AgAgCl HCl (0,1 M)glass membraneouter solution, ( рНout, [H+]out) (5)

 

Denote the potential difference between Ag and AgCl DU1, between AgCl and HCl (0,1 M) DU2, between HCl (0,1 M) and outer bulk solution DU3.

 

The potential difference between Ag and AgCl is determined by the fast exchange of silver cations at this interface and is constant and stable, because the composition of the both  Ag and AgCl is constant. Thus DU1 is constant

 

The potential difference between AgCl and HCl (0.1 m) is determined by the equilibrium, caused by the fast exchange of chloride ions at this interface and is constant and stable, because the composition of the both AgCl and HCl is constant and also because of the constant solubility product of AgCL.

The potential-determing reaction can be written as follows:

 

Cl- in AgCl  Cl- in HCl  (6)

 

The potential drop in this case can be expressed by a famous Nernst equation:

 

DU2 = DU20 + (RT/F) ln ([Cl-] in AgCl  /[ Cl-] in HCl   (7)

 

Here the notations are standard for Nernst equation.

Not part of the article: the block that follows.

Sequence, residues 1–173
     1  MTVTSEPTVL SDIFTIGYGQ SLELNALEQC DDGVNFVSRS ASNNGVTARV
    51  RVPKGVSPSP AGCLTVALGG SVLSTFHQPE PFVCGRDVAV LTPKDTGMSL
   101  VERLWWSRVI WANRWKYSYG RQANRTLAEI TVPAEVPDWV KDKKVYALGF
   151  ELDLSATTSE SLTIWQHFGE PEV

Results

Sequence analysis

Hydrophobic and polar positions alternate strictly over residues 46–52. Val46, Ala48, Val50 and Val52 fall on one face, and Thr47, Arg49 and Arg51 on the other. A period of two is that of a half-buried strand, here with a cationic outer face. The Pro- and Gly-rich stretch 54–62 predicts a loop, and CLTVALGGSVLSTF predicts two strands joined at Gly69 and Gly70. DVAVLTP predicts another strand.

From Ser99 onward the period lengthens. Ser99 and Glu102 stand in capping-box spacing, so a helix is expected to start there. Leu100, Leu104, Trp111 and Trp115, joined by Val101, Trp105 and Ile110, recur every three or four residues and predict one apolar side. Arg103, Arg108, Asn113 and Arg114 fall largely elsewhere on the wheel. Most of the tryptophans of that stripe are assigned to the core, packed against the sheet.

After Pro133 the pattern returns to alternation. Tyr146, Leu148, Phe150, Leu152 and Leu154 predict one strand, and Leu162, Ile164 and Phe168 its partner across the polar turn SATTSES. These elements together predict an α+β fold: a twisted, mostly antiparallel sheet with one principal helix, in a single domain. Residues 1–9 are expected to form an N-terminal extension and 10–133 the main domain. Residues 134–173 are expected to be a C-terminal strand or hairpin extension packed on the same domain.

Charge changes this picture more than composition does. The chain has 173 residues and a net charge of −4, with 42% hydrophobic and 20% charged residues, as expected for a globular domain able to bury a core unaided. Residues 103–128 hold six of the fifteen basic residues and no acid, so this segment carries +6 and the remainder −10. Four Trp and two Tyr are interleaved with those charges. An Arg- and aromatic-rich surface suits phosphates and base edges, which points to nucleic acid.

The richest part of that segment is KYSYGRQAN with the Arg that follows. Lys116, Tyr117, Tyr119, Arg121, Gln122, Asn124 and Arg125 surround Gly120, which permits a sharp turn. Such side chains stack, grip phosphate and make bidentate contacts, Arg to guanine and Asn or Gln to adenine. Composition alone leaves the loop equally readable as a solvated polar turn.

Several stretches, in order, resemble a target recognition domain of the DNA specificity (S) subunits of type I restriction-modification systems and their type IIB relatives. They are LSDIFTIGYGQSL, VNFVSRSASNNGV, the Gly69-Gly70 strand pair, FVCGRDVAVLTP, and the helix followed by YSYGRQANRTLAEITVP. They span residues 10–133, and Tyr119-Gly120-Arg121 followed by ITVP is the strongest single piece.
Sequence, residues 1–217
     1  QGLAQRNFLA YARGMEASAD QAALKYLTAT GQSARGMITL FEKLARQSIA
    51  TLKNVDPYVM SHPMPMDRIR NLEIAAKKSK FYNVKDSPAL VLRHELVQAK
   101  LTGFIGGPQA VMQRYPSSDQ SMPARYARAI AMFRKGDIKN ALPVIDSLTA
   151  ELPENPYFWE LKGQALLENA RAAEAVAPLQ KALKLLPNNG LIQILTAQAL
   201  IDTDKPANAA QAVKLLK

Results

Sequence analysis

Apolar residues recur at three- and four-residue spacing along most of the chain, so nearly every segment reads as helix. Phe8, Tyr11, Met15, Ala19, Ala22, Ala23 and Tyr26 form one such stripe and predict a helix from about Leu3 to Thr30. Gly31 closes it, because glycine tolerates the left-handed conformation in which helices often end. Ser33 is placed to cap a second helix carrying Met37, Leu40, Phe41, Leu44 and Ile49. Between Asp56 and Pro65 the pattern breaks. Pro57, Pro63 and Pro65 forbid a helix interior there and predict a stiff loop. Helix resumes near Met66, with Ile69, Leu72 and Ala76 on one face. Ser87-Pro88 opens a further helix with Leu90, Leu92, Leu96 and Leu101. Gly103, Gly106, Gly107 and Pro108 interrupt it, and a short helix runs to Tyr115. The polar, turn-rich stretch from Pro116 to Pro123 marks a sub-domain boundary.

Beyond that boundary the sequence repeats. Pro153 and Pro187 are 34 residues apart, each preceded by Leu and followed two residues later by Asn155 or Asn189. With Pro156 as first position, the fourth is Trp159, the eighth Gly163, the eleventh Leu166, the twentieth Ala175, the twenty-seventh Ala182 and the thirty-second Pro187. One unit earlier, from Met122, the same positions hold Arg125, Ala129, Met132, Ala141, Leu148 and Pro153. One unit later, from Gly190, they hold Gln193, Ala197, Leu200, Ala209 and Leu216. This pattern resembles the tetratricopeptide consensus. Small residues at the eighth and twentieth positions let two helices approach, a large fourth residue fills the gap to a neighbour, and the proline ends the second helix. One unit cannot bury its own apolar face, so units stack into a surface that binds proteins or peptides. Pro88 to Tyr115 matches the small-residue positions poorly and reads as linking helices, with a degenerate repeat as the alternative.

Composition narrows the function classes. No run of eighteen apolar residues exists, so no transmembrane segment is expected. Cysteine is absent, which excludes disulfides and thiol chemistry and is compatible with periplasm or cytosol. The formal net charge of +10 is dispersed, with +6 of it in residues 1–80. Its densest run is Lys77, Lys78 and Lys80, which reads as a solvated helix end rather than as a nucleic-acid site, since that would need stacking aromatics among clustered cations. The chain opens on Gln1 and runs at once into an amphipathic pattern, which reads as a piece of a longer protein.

Thus DU2 is constant

Only one term namely DU3 remains of the successively attached elements of the electrochemical chain.

 

It is the potential drop on the glass membrane. The type of the glass is selected so, that only hydrogen ions penetrate through the membrane. The other ions would not penetrate through this membrane.

 

The multiple experimental research have shown, that this potential difference is determined by the expression:

 

DU3 = (RT/F) ln ([H+]out /[ H+] in HCl (8)

 

No perfect theory to explain this fact is available so far, though several good explanations exist.

 

The logarithm of the ratio equals to the difference of the logarithms:

DU3 = (RT/F)ln ([H+]out - (RT/F) ln [ H+] in HCl (9)

The second term in eq.(9) does not depend upon the concentration of hydrogen ions, so we can consider it to be a constant.

Thus, the total potential of the pH electrode versus the solution can be expressed as follows:

 

Uind = DU1 +DU2+DU3=DU1 +DU2 - (RT/F) ln [ H+]in HCl + (RT/F) ln ([H+] out) =
= a +(RT/F) *2,303*lg([H+] out) = a -(RT/F) *2,303*
рН out = a + b рНout (10)

 

So we have derived eq.(3).

The following notatiopns are used:

 

a= DU1 +DU2 - (RT/F) ln [ H+] in HCl

and

 

b =-(RT/F) *2,303.

 

We also used the following expression to turn from natural logarithms to decimal ones:

 

Lnx= 2.303 lgx

 

 

How the reference electrode works?

 

Consider now in more detail the work of the reference electrode. The most widely used in the laboratory is so-called saturated silver-chloride electrode.